An amendment can be prevented from passing if it does not get enough votes to be proposed (2/3 of both houses in Congress, through a constitutional convention called by 2/3 state legislatures). If an amendment is proposed it can still be prevented from passing by not getting enough votes ( 3/4 of legislatures in states must ratify, or 3/4 of the states must have individual constitutional conventions to ratify it.)


Where are all amendments of the constitution approved at?

Constitutional amendments must first pass both houses of congress, and they are then sent to the states to be ratified. To become a law, 3/4 of the states must agree to ratify an amendment. This is to make sure that amending the constitution is difficult and requires a lot of thought before it happens. So, to sum up, after a proposed amendment is approved by congress, it must then go to the individual states; if enough states vote to approve it, the amendment becomes a part of the constitution.


Which constitutional amendment allowed voting for citizens who were eighteen or older?

Amendment The 26th amendment lowered the voting age from 21 to 18. During the Vietnam War, the slogan most heard was "old enough to fight .. old enough to vote" during a time 18 year old were drafted into the army. It was passed on March 23, 1971 and officially ratified on July 1, 1971. However, the first national (for President) election they were able to vote in was in 1976.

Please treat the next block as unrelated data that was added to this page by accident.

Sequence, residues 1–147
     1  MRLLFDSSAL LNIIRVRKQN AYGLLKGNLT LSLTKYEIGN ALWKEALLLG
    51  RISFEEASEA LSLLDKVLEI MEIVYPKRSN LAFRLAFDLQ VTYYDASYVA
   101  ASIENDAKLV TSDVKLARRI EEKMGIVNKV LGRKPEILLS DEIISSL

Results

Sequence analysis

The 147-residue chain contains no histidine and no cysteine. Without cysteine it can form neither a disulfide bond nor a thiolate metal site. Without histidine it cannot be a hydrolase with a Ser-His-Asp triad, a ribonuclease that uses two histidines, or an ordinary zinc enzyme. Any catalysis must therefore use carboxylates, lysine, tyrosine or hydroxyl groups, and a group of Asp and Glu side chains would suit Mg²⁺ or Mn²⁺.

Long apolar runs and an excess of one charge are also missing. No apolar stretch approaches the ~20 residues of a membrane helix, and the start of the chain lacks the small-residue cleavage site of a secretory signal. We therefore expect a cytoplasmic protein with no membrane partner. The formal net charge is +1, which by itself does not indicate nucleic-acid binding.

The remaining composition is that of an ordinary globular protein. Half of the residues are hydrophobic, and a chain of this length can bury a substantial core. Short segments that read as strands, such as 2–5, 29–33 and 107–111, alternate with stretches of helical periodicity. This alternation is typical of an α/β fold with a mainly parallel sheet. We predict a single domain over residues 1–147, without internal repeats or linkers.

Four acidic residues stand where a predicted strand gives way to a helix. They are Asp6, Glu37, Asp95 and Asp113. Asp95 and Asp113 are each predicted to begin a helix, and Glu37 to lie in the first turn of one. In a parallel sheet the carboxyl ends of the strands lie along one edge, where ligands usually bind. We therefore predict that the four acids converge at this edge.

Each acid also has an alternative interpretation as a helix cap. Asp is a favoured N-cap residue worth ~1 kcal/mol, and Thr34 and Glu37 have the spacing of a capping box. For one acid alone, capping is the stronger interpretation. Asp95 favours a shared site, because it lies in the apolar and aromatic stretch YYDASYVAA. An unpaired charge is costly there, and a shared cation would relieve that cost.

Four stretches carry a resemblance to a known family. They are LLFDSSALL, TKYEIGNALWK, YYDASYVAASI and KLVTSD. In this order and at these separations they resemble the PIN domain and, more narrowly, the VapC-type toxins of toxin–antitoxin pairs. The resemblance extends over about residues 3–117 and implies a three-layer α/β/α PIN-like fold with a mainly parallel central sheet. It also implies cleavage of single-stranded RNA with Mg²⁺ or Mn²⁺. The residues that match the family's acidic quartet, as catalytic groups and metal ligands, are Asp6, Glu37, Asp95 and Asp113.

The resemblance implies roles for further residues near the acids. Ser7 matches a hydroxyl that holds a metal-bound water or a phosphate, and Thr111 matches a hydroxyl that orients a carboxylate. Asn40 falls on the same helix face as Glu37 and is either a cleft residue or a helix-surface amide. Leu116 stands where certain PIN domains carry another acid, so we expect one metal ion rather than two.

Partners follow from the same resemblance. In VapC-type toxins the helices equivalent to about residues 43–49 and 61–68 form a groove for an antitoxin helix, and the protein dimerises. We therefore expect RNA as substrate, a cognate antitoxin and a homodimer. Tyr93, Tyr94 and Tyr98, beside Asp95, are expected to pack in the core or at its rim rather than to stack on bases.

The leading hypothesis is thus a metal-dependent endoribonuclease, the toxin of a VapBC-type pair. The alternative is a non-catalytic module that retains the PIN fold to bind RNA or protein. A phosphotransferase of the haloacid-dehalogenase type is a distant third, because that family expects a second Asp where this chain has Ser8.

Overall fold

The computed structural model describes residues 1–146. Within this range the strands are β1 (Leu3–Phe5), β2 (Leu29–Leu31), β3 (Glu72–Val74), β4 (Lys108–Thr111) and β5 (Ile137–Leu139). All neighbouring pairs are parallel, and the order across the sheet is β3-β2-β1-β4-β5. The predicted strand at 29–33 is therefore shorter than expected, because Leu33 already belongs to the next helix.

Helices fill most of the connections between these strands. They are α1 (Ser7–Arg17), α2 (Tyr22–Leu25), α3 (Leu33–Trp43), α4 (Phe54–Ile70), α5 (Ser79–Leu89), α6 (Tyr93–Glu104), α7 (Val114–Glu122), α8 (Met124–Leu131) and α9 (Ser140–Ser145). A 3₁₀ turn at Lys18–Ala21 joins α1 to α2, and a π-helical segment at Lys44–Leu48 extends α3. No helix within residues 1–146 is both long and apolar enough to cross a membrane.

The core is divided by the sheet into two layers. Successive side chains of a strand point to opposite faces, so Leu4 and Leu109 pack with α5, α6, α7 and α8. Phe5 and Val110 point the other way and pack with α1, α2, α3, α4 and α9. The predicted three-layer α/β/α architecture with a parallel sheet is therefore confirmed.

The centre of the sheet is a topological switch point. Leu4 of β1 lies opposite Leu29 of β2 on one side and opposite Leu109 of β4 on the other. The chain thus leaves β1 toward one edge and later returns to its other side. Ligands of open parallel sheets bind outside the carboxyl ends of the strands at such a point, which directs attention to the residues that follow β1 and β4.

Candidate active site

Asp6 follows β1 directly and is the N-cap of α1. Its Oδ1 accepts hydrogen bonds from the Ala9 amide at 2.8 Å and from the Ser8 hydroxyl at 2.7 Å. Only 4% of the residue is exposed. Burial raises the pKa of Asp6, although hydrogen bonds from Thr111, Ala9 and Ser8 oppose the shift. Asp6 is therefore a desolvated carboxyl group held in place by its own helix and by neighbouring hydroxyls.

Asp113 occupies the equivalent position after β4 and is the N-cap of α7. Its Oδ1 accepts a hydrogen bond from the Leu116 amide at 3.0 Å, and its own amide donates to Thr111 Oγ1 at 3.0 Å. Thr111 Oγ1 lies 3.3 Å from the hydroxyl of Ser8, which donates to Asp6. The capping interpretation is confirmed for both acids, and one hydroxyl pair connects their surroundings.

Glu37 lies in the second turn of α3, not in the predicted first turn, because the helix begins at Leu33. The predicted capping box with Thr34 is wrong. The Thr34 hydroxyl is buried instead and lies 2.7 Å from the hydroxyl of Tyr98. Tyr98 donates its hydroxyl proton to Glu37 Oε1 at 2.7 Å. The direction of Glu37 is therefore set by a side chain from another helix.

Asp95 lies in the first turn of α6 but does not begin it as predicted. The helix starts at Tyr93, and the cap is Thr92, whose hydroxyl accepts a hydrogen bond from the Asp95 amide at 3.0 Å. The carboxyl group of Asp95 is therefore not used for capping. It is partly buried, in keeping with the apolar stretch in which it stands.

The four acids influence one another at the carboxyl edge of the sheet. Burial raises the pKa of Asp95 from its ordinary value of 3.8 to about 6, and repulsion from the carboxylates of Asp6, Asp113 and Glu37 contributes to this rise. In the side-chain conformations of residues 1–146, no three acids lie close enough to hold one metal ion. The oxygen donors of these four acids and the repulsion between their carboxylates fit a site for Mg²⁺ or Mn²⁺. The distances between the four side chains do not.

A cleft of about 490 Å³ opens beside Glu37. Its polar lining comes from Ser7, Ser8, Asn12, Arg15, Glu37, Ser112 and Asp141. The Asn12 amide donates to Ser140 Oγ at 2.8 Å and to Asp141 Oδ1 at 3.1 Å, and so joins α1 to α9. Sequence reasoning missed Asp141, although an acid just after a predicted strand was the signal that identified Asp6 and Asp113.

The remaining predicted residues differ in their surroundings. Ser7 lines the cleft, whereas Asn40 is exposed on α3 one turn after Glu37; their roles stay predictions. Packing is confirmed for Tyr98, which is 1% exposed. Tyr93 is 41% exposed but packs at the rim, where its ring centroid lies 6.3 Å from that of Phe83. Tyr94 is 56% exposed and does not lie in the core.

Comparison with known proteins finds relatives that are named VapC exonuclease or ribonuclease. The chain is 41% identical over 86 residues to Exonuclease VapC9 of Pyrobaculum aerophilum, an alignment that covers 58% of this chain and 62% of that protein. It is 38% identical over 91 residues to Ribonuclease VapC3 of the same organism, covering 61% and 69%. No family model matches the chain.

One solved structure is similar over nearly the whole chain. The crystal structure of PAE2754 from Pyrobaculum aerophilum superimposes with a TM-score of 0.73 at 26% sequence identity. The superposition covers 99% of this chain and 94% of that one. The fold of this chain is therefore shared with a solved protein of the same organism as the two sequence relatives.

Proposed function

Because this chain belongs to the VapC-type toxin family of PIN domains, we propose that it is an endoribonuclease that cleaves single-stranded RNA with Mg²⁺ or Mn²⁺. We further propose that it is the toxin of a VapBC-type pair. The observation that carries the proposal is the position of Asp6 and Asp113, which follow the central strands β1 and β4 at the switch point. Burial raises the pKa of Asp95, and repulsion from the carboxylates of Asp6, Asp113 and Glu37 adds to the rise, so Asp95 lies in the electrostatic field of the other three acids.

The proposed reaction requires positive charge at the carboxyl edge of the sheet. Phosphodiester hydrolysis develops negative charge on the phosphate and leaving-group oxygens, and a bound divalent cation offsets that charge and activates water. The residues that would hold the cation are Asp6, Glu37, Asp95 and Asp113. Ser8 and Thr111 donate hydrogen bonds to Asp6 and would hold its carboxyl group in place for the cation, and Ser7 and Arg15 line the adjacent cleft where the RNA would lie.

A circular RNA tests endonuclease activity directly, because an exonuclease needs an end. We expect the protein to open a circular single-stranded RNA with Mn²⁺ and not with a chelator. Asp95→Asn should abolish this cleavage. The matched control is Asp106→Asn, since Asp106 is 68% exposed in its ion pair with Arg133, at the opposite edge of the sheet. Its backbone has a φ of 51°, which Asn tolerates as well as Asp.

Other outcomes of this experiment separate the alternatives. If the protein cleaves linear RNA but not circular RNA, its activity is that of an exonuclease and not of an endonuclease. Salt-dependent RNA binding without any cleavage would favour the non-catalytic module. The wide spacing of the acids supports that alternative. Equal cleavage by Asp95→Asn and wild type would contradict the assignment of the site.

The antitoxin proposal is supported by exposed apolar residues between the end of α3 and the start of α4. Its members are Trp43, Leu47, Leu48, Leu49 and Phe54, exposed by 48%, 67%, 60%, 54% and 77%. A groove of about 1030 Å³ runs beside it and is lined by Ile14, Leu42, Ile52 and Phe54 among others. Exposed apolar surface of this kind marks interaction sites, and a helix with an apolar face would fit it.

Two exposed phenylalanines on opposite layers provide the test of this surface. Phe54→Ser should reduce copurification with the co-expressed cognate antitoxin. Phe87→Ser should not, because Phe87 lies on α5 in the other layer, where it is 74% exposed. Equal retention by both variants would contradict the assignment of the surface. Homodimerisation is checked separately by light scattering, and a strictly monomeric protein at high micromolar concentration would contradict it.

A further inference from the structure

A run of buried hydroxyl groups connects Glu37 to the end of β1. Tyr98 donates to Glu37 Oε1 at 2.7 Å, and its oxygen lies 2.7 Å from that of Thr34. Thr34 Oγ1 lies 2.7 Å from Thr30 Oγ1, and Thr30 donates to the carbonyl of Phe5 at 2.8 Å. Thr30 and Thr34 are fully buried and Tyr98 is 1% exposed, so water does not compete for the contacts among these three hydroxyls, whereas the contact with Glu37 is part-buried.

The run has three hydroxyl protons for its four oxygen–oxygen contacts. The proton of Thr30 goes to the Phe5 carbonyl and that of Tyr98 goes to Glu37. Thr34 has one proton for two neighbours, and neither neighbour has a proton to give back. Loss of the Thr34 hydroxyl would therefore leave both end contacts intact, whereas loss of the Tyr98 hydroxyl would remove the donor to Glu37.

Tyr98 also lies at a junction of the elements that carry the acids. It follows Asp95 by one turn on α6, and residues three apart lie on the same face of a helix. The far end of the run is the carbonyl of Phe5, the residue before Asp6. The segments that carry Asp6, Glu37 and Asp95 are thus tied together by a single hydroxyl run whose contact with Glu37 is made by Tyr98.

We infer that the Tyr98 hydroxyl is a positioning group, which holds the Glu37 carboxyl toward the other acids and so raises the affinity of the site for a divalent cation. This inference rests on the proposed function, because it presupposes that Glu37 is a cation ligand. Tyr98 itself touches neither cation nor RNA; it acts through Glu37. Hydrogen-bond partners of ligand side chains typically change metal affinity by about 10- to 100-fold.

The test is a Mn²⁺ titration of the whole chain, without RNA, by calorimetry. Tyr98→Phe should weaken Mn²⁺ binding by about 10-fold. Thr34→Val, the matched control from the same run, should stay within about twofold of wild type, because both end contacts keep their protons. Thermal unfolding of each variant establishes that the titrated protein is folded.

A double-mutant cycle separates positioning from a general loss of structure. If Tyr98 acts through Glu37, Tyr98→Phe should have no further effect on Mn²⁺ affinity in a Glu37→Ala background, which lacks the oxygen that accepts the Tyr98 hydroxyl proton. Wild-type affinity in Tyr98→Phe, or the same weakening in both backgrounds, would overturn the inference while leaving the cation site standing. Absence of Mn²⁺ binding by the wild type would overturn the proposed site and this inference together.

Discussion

Do you capitalize Equal Rights Amendment in a sentence?

If you are referring to the specific proposed amendment from the 1970's, then yes, you capitalize it. If you are referring to the general concept of similar proposals, then you do not capitalize it.For example:The Equal Rights Amendment was not adopted as part of the United States Constitution because not enough states ratified it before the deadline.California and several other states have an equal rights amendment in their state constitutions.


Which amendment says if your old enough to fight your old enough to vote?

26 amendment


Were the Federalist Papers written before the Constitutional Convention happened?

No, the Federalist Papers were written in 1787-1788, after the Framers signed the Constitution, but before enough states had ratified the Constitution so it could replace the Articles of Confederation.


What is the number of states needed to ratify the Equal Rights Amendment?

{Led by Phyllis Schlafly, enough concerns about the amendment were presented that the Equal Rights Amendment was unable to garner sufficient states for ratification, falling three short of the necessary 38.}


What does overruled mean?

It is when the judge decides that the objection isn't important enough and decides to not take action for it.


What does objection overruled mean?

It is when the judge decides that the objection isn't important enough and decides to not take action for it.